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The beginning of the Industrial Revolution brought many new exciting inventions to simplify our lives and made

them more efficient. Such inventions included cars, household appliances and plants that burn solid waste, fossil fuels such as oil, natural gas, and coal, and wood products for fuel. Before the Industrial Revolution, human activities caused very few gases to be released into the atmosphere, but now scientists say, through the burning of fossil fuels, a large population growth and deforestation, humans are affecting the mixture of gases in the atmosphere. This mixture of gases in the atmosphere is causing the worldwide problem known as Global Warming

According to the United States Environmental Protection Agency, the earth has a natural greenhouse effect which is caused by energy from the sun controlling the earths weather and climate, and heats the earths surface. In response to the sun, the earth radiates energy back into space. Atmospheric greenhouse gases such as water vapor, carbon dioxide, and other gases, trap the energy leaving the earth and retaining it as heat, much like a greenhouse ceiling. This is a natural and necessary effect, without it temperatures on earth would be much lower than they are now and life as it is today would not be possible, but with the greenhouse effect the earths average temperature is a more comfortable and life-supporting 60 degrees Fahrenheit. The problems that have arisen with the greenhouse effect have occurred due to the increase in atmospheric greenhouse gases.

Now a days the automobiles, heat from homes, businesses, and factories are responsible for about 80% of today's carbon dioxide emissions, 25% of methane, and 20% of the nitrous oxide emissions. Agriculture, deforestation, landfills, industrial production, and mining also give carbon dioxide emissions but in a very minimal amount.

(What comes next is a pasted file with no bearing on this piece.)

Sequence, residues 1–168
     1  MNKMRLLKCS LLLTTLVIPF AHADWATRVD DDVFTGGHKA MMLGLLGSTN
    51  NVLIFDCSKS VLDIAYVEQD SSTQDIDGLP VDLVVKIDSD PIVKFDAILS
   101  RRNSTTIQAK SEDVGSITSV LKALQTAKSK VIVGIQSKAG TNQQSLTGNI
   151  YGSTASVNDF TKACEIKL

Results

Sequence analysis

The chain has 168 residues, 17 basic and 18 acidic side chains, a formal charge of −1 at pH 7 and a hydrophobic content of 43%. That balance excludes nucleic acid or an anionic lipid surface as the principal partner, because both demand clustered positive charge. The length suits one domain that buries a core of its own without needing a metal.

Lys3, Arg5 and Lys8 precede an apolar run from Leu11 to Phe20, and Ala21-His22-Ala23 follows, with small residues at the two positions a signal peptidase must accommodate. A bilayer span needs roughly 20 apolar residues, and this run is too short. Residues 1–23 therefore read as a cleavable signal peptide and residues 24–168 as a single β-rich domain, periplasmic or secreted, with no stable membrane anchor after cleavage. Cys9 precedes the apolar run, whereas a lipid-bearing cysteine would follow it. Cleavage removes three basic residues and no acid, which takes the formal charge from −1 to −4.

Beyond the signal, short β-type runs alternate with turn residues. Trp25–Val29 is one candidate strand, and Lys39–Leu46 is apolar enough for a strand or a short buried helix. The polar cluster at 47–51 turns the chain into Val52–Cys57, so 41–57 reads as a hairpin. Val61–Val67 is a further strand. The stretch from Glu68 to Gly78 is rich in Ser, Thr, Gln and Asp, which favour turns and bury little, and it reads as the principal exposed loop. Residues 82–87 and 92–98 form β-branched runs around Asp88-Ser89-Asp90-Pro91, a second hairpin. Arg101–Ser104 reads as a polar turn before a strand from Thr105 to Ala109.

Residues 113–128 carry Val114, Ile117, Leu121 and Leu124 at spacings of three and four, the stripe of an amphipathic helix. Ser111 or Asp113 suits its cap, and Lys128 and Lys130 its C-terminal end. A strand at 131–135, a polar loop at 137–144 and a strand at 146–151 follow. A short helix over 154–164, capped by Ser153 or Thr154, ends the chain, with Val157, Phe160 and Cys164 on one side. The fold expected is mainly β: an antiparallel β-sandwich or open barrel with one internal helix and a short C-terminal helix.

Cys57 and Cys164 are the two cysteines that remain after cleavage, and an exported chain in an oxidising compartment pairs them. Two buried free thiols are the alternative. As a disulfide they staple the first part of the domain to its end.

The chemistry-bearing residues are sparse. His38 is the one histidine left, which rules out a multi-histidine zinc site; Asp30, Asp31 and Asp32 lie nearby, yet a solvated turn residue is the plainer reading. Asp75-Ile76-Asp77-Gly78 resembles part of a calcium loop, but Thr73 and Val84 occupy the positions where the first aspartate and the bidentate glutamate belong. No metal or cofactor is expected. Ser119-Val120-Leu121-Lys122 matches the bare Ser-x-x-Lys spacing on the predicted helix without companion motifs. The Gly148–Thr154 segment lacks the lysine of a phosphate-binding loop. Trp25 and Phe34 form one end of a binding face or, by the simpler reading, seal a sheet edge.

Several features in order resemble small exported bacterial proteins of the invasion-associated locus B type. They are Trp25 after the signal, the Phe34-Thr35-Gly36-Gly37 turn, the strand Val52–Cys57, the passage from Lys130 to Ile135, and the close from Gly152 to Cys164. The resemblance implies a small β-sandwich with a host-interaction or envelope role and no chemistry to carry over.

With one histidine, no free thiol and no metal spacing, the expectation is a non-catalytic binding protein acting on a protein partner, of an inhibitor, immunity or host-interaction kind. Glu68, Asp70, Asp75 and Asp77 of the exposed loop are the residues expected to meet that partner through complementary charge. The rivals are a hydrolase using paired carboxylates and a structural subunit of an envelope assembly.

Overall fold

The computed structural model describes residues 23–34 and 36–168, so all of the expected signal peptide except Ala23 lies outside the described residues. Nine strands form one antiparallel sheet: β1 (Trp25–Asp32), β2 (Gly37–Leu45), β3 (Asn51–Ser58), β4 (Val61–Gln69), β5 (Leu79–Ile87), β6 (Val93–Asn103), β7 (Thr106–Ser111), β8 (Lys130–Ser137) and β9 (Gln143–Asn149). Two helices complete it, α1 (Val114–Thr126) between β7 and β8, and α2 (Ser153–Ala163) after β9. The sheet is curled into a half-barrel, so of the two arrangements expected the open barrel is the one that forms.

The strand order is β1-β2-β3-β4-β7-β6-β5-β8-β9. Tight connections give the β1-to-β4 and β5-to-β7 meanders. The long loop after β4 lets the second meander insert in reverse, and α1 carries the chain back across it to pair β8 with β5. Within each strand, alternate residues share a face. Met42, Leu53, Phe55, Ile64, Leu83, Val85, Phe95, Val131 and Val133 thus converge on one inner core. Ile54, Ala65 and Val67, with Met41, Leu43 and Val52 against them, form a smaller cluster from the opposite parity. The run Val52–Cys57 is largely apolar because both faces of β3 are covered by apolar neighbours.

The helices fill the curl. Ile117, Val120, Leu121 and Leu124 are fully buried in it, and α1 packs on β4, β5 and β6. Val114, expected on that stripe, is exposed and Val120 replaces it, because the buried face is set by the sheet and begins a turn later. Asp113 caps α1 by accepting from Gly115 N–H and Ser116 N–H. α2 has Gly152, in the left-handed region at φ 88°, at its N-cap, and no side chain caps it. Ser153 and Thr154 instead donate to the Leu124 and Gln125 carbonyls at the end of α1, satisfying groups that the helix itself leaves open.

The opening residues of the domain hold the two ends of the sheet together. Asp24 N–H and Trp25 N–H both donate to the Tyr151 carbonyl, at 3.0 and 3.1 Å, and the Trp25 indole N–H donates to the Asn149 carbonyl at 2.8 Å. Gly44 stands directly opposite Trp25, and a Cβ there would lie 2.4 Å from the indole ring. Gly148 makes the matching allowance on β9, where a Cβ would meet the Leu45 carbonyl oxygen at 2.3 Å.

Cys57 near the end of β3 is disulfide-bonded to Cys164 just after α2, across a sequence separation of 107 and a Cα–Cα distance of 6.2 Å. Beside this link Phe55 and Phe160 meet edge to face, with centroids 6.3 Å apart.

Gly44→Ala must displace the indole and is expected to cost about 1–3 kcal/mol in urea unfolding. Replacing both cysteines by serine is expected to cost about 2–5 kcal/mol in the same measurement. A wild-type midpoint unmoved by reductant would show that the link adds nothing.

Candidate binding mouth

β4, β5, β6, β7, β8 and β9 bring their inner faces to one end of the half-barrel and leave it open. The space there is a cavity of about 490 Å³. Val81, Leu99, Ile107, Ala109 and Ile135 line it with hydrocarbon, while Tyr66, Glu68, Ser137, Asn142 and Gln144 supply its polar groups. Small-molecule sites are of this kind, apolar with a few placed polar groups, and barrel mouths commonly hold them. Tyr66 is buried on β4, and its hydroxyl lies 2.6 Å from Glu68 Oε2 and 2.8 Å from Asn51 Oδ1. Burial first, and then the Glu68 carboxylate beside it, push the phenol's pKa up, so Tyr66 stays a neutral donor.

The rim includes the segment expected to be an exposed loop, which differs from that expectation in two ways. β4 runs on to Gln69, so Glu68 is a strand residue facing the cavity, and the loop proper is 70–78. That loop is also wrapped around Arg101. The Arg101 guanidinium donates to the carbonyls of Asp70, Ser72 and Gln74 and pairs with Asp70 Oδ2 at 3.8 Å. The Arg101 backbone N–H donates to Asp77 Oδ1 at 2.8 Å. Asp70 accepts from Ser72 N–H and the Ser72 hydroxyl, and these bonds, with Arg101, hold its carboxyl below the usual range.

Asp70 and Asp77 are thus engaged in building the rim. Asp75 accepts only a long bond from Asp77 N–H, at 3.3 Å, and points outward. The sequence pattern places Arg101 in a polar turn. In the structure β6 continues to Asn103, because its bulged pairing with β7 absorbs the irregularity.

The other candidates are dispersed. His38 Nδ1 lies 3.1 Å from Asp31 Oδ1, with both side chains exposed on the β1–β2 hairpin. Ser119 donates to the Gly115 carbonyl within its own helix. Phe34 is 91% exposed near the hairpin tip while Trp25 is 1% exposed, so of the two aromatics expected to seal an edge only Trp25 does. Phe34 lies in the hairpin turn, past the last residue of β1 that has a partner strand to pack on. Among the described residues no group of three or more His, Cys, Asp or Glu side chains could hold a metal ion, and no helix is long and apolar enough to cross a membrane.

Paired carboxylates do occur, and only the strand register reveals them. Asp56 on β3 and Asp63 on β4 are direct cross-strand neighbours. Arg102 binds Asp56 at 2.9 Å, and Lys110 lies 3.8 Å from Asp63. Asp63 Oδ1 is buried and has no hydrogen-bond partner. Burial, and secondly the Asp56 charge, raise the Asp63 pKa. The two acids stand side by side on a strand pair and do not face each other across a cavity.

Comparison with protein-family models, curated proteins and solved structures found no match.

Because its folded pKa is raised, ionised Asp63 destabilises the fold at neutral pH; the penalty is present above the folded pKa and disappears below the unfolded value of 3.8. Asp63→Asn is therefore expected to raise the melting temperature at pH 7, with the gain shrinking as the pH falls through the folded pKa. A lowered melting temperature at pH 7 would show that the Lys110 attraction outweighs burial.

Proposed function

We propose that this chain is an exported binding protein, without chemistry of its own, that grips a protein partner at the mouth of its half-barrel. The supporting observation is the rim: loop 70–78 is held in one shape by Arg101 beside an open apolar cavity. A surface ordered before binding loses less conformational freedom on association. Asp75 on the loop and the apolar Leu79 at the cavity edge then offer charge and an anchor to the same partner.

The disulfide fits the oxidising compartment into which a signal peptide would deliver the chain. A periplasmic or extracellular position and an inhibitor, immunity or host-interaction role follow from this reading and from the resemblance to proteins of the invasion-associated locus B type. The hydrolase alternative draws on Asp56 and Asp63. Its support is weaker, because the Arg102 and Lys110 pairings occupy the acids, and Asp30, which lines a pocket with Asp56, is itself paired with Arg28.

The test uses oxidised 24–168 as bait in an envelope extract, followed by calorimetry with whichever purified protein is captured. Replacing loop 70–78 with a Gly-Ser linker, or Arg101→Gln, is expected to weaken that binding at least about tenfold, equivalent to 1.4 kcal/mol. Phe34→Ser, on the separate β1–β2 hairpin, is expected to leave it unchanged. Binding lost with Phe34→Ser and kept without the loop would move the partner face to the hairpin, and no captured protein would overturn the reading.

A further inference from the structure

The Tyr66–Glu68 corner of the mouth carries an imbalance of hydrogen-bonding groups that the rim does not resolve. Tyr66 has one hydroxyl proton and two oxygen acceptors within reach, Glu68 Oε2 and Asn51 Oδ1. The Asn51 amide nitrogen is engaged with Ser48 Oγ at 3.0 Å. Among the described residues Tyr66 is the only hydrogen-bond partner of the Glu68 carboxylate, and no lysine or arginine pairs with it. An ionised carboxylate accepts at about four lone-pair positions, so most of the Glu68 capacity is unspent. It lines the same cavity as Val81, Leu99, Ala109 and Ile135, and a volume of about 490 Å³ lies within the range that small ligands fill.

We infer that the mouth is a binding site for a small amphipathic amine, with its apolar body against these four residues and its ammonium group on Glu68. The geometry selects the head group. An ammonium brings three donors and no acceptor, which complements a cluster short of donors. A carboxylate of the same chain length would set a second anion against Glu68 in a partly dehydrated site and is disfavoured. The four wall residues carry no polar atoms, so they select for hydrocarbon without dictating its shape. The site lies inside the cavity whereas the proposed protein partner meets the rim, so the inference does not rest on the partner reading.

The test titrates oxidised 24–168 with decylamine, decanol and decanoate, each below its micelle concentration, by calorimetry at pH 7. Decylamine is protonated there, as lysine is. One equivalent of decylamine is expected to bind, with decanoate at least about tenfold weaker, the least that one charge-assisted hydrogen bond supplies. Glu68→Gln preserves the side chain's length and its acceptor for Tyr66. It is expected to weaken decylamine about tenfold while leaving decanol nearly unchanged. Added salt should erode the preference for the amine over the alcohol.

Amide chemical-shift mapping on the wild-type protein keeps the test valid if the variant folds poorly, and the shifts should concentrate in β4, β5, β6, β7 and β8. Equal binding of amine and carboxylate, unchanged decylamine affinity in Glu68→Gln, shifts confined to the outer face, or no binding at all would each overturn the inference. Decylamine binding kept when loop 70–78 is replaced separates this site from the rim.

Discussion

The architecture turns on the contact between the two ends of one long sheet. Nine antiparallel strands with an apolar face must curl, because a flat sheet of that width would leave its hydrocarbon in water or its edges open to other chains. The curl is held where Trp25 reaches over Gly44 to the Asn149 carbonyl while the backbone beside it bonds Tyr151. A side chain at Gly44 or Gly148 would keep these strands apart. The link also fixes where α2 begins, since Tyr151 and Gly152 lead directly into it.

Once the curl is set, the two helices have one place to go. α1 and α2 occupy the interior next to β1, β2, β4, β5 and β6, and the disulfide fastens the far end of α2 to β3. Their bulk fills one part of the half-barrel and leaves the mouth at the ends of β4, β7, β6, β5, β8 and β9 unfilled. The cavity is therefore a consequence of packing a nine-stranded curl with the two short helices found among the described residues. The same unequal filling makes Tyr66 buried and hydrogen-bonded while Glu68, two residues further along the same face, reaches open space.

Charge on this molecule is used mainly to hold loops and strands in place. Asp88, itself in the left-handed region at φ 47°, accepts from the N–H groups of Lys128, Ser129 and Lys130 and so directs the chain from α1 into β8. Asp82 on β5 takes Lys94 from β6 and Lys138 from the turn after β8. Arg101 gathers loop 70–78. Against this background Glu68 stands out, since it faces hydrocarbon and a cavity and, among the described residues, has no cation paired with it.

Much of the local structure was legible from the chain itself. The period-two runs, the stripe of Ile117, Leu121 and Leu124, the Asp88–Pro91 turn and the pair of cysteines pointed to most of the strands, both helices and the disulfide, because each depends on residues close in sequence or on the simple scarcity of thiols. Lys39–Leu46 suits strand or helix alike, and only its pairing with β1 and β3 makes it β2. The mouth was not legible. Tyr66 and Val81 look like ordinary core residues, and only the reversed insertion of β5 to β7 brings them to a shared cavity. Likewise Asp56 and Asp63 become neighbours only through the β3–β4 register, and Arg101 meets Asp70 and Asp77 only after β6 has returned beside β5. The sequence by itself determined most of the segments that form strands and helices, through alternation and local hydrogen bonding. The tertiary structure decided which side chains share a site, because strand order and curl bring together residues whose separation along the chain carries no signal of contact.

In the future, producing food will be quite problematic. When Global warmings full affects kick in, we will have droughts and floods rather often, and under these conditions, crops will not be able to grow. Another issue is acid rain, which will kill many of the crops as well. Not having enough food will cause major health problems not to mention the air we breath, which will be full of carbon dioxide (since the a lot of plants which produce oxygen will be dead.) Food and oxygen are absolute necessities; without them, we will not be able to survive

Limited land will also be a problem. In a matter of years when once global warming has melted most of the glaciers, the sea level will rise quite a considerable amount, causing certain parts of America, Canada, and the rest of the world to be completely under water; those areas will nolonger be suitable to live in. Other places may have droughts, floods, or abnormally altered weather patterns. There will not be enough land that is suitable. It will be extremely over-overcrowded, and there simply wouldnt be enough room for everybody.

The most obvious thing thatll be hard to deal with is the violent level of heat that humans would be forced to live in. At this point, air conditioning would only be available to the very rich, snow is probably already forgotten, and the idea of going out on a nice summer day would obviously be displeasing. The idea of simply staying inside all day would probably be satisfying, but you must go outside at some point, especially if you want to make a living. Ultimately, this will result in a lot more skin cancer, or any other health issues due to the extreme amount on UV ray exposure.